A small island in New York Bay, Ellis Island was the busiest immigrant inspection station in the United States in the first part of the 20th century. From 1892 to 1954, nearly 12 million immigrants arriving at the ports of New York and New Jersey were there quarantined, inspected and questioned.
Augustus Frederick Sherman was an employee in the Ellis Island Immigration Office. One of his duties was to photograph immigrants as they arrived on the island. This is how the image of a man who came from Algeria in 1905 was captured. It was simply listed as the ‘Algerian Man’.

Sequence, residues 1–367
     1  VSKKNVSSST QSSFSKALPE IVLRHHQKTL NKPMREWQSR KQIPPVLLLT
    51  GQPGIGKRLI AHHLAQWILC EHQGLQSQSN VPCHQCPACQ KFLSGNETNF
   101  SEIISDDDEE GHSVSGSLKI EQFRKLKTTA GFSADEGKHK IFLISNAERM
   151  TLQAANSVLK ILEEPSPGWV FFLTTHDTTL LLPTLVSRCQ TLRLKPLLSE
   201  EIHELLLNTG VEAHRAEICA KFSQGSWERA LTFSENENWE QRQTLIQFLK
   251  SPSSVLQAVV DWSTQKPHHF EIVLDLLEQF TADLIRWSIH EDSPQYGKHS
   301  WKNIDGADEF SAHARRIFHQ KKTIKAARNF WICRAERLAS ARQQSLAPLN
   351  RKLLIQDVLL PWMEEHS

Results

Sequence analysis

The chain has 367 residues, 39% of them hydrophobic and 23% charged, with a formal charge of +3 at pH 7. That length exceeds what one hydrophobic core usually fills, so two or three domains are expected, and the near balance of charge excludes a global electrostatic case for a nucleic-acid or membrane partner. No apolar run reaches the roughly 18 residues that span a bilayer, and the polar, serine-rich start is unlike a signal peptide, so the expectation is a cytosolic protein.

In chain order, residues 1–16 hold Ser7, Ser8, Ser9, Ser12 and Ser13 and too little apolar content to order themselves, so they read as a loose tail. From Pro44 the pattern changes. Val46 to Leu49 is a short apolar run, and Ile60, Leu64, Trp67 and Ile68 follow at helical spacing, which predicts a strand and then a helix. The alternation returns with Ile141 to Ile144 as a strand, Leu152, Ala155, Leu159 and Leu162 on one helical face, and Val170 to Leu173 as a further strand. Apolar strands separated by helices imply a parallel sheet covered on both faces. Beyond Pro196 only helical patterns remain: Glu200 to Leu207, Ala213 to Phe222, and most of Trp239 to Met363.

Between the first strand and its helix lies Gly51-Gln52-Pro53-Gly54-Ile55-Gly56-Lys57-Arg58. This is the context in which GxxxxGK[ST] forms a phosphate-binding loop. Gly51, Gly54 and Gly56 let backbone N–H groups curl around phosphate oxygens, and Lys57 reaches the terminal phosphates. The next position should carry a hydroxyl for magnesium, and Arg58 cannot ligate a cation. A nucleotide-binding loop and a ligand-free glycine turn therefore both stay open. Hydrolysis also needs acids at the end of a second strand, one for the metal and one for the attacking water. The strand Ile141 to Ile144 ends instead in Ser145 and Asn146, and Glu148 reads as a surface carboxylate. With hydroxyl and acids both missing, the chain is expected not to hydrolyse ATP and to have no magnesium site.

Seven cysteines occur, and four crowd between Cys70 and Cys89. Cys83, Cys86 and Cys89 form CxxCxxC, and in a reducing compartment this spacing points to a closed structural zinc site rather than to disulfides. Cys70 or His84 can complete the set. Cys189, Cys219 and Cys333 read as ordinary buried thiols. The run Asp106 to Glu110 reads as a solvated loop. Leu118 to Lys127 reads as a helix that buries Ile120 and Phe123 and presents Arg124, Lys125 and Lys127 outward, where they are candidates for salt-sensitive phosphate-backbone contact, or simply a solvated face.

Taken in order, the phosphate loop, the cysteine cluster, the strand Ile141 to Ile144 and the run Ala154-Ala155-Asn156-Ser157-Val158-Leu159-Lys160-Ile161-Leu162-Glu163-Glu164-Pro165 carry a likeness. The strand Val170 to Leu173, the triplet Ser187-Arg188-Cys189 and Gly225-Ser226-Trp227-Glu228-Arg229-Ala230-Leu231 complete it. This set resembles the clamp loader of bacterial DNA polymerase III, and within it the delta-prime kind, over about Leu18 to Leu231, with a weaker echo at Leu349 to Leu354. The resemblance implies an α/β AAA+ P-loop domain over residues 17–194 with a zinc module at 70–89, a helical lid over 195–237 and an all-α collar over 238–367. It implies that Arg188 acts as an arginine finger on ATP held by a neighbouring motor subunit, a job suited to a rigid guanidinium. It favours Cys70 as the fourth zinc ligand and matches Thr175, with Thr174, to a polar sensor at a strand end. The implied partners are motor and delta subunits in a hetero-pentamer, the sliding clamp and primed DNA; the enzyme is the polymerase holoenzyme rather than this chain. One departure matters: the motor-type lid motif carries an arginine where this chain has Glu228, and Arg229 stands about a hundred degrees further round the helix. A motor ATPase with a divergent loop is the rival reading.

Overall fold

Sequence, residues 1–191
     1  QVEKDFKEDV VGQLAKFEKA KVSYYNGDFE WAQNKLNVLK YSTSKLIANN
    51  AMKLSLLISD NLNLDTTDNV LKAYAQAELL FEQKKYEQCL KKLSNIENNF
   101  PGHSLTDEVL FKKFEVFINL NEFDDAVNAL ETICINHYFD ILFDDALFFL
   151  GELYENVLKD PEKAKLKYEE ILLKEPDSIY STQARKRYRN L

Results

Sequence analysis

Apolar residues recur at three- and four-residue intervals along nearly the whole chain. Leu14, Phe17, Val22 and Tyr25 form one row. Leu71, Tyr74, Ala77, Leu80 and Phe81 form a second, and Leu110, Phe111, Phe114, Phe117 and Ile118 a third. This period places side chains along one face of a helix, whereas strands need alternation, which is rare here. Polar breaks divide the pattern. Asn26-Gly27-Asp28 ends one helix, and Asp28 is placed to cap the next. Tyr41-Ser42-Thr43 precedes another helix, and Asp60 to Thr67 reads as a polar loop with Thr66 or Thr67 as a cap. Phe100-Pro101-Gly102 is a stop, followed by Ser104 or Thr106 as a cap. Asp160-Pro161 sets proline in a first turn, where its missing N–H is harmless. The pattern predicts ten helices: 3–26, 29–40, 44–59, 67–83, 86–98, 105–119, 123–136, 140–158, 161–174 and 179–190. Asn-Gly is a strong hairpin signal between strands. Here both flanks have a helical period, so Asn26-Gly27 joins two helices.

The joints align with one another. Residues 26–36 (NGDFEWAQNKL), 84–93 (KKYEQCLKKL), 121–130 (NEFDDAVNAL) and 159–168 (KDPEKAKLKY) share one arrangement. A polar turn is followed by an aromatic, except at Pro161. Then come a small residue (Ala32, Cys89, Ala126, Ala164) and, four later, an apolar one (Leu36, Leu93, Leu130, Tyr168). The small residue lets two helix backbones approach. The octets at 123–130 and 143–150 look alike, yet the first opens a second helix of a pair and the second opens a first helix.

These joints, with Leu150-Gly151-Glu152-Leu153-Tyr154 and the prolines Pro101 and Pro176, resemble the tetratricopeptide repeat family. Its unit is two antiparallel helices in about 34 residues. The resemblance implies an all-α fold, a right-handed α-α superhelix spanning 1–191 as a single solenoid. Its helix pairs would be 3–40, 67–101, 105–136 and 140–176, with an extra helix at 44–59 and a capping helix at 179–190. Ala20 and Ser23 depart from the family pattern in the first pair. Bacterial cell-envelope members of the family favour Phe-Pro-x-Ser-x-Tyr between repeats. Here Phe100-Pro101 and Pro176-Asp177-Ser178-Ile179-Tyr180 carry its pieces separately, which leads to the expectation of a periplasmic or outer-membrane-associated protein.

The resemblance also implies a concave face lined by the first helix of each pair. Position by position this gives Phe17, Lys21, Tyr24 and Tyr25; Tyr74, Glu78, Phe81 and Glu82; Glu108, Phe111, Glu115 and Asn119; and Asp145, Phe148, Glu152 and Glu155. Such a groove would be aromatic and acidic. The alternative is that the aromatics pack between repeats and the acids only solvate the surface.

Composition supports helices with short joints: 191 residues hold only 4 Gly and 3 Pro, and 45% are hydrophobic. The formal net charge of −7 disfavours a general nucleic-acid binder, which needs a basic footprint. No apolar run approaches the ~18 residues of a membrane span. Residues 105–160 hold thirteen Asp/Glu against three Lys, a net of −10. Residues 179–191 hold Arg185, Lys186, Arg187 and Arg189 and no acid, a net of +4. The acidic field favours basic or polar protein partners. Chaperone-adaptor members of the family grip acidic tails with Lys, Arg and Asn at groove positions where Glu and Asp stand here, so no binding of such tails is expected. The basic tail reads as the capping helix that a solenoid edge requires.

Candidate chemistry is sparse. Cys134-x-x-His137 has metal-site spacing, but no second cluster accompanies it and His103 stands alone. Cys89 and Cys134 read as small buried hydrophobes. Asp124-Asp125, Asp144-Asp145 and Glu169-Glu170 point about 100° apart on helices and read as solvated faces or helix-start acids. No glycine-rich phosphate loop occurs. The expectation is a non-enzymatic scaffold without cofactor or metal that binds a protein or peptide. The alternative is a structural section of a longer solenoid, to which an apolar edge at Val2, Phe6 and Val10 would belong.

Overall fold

In 2018, while planning an artist residency at Triangle Brooklyn supported by the AFAC Foundation, Oussama Tabti investigates the life of this character and his intriguing portrait. However, the artist finds himself confronted with a harsh administrative reality and, ironically, he never gets a response to his visa application. By linking his own experience to that of this immigrant from the beginning of the 20th century, the artist questions our mobility in a global world. A world divided between openness to diversity and narrow parochialism.
Laureate of the City of Brussels, Art Contest Prize 2020
With the support of the Wallonia-Brussels Federation
© Augustus F. Sherman, Algerian man, 1910 | Source : The New York Public Library Digital Collection
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